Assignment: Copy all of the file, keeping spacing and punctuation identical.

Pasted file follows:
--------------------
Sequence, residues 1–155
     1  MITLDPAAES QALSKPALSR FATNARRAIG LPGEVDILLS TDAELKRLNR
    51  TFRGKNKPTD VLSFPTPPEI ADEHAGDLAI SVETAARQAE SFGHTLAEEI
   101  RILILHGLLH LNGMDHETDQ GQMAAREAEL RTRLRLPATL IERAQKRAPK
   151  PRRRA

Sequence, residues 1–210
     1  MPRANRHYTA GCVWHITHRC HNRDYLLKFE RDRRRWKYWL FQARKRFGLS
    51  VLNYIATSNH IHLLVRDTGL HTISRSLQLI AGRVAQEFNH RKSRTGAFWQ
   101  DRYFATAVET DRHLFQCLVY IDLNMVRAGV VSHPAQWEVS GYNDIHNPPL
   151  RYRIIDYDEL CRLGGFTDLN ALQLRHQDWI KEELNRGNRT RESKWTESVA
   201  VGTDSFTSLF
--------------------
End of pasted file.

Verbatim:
Sequence, residues 1–155
     1  MITLDPAAES QALSKPALSR FATNARRAIG LPGEVDILLS TDAELKRLNR
    51  TFRGKNKPTD VLSFPTPPEI ADEHAGDLAI SVETAARQAE SFGHTLAEEI
   101  RILILHGLLH LNGMDHETDQ GQMAAREAEL RTRLRLPATL IERAQKRAPK
   151  PRRRA

Sequence, residues 1–210
     1  MPRANRHYTA GCVWHITHRC HNRDYLLKFE RDRRRWKYWL FQARKRFGLS
    51  VLNYIATSNH IHLLVRDTGL HTISRSLQLI AGRVAQEFNH RKSRTGAFWQ
   101  DRYFATAVET DRHLFQCLVY IDLNMVRAGV VSHPAQWEVS GYNDIHNPPL
   151  RYRIIDYDEL CRLGGFTDLN ALQLRHQDWI KEELNRGNRT RESKWTESVA
   201  VGTDSFTSLF